April 15, 2010

A Visit to Central Park in New York City

With spring finally here, I wanted to take a drive through the historic and incredible Central Park in Manhattan.  Many of the photos I took the other day, focus on a stretch known as the Met to the Meer, a beautiful, diverse landscape extending along the east side of the Park from the Metropolitan Museum of Art and north to the Harlem Meer, at the northernmost section of the Park.  This area is being restored by the Central Park Conservancy, a non-profit founded in 1980.  This group has made great strides in restoring Central Park to its former splendor after decades of neglect.

The Conservancy's restoration of the historic area will build on its history as a horticultural zone - using Park designers Frederick Law Olmsted and Calvert Vaux's original arboretum concept as an organizing principle - while connecting disparate landscapes to one another and to the rest of the Park.  This area includes the Mount (see my photo), home to the Park's composting operations.  Each year, more than 3,000 cubic yards of leaves are taken to the Mount to be broken down into compost.  Another 5,000 cubic yards of wood mulch is generated from tree and shrub clippings.  The rich compost is recycled and returned to the Park’s landscapes, used year-round in all of the Conservancy’s planting and horticultural projects.   This area of Central Park is also is home to the stately Conservatory Garden, which serves as the venue for the really fun annual Frederick Law Olmsted Awards Luncheon hosted by the Conservancy's Women's Committee - this year on May 5 - which I often attend.  The women guests wear the most fabulous hats for this event.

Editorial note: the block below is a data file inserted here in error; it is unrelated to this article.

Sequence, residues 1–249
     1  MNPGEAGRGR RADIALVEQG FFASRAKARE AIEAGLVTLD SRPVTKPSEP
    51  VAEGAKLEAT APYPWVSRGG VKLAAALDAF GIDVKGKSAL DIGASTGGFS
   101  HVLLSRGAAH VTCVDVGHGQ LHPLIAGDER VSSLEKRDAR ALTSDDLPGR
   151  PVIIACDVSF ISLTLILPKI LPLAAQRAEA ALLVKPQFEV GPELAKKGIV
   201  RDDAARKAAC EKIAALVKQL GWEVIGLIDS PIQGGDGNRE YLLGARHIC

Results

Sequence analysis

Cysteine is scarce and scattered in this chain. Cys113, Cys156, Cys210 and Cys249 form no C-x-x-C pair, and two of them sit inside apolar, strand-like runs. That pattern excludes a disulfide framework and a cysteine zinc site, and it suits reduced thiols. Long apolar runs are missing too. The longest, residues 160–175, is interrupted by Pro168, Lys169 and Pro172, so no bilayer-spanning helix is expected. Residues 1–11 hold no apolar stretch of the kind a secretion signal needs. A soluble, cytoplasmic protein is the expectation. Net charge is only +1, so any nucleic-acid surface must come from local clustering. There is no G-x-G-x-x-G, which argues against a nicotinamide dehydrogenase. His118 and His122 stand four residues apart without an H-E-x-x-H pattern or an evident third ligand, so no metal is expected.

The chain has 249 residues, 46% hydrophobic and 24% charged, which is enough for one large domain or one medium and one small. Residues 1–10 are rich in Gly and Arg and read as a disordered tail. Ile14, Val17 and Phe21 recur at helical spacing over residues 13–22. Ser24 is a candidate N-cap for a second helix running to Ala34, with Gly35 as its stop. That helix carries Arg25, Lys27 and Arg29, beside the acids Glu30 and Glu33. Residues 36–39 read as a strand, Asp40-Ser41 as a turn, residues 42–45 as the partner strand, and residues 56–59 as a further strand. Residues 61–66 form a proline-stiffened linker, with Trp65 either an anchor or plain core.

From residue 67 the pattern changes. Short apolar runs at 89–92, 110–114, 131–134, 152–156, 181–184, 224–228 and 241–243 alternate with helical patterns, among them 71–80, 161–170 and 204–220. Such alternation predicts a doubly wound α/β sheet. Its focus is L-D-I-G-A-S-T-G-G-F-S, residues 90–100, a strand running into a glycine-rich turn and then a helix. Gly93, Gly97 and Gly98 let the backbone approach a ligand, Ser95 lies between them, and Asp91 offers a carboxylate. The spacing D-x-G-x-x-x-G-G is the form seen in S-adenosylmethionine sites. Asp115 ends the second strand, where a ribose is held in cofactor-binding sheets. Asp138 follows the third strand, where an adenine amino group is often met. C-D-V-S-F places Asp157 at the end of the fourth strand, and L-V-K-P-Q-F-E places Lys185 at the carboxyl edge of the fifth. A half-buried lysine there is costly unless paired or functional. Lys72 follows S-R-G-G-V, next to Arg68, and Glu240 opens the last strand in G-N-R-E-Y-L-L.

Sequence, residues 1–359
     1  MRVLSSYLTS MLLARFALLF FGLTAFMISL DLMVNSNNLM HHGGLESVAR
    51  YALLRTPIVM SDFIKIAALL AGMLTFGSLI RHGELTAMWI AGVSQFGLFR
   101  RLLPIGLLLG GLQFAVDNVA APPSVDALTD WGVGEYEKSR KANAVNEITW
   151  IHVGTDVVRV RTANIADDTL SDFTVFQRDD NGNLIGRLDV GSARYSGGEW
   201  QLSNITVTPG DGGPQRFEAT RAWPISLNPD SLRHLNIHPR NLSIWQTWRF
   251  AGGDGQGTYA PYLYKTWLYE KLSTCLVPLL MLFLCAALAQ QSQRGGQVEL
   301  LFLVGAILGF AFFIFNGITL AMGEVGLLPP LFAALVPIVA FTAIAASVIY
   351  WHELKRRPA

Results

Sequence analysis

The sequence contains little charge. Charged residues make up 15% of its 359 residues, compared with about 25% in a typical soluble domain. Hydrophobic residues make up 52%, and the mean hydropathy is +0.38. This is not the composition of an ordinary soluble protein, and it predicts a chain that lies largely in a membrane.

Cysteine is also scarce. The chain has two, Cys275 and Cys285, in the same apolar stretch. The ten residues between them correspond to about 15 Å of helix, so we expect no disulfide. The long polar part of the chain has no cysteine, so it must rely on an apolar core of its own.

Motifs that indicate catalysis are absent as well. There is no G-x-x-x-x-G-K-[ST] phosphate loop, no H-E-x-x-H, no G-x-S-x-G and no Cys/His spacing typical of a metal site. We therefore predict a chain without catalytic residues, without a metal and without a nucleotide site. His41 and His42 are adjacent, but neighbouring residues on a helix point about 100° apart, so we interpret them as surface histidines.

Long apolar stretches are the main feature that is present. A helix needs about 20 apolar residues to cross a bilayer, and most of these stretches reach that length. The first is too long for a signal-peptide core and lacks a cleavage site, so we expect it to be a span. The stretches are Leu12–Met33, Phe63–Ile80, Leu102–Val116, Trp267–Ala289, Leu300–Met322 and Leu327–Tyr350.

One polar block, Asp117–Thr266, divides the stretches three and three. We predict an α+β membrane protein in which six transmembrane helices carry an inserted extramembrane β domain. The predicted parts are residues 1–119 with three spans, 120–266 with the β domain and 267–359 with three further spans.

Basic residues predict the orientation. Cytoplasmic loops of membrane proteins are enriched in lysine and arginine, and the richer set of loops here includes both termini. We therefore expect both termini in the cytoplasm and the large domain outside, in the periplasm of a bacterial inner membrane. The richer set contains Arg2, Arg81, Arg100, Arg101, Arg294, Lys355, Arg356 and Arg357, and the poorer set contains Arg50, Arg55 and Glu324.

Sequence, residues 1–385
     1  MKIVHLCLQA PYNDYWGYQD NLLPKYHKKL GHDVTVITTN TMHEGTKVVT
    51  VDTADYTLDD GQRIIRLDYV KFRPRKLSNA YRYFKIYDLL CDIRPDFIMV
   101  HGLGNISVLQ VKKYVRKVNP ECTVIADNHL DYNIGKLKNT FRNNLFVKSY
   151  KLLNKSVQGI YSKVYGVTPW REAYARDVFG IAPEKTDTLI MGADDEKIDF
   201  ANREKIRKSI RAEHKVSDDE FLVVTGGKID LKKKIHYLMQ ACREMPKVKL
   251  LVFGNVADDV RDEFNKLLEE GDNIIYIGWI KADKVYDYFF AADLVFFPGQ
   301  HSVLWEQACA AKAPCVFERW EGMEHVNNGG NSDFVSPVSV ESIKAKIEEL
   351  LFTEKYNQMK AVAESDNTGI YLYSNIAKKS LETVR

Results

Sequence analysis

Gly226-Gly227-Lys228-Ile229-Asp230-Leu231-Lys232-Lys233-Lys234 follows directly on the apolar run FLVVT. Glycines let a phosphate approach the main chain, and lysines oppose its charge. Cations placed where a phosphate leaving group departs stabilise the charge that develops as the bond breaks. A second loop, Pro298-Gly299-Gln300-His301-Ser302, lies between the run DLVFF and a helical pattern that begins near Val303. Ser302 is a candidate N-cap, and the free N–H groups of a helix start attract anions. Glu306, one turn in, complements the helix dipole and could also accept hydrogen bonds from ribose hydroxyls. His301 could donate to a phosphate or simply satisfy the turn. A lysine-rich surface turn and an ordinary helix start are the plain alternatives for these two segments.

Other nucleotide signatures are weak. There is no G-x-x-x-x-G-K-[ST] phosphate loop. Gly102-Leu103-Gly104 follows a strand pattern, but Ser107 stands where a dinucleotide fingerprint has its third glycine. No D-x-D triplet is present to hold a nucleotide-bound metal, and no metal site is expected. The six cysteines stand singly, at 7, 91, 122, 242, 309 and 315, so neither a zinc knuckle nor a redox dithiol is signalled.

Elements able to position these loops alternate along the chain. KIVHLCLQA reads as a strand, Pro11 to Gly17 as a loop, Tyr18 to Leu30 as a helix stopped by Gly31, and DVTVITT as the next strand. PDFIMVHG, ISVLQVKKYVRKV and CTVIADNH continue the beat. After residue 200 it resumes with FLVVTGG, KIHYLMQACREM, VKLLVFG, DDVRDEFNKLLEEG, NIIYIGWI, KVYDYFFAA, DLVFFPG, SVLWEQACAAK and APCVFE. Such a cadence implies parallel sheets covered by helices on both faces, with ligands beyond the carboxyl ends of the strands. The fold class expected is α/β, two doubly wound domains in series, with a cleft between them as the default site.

My friends at the Conservancy tell me that this restoration work includes infrastructure improvements - irrigation and drainage, for example - and that funds raised for the project also go toward long-term operating support. The East Meadow work begins this summer, while restoration in the Reservoir East section will begin in 2011.  While this area is a magnificent site, I can't wait to see it after the Conservancy completes its restoration. After all, this is the organization that restored the Great Lawn, the lush expanse of green that's a favorite for many New York summertime picnics, bringing it back from its 70's-era 'Dust Bowl' nickname.

Amazingly, in its 30-year history, the Conservancy has invested more than $530 million into Central Park, 80 percent of which has been raised from private sources. If you'd like to do your part to keep Central Park looking beautiful and support the Met to Meer restoration, consider a donation to the Conservancy.  For more information about getting involved and to plan your own springtime visit, click here to find out more about this wonderful space.

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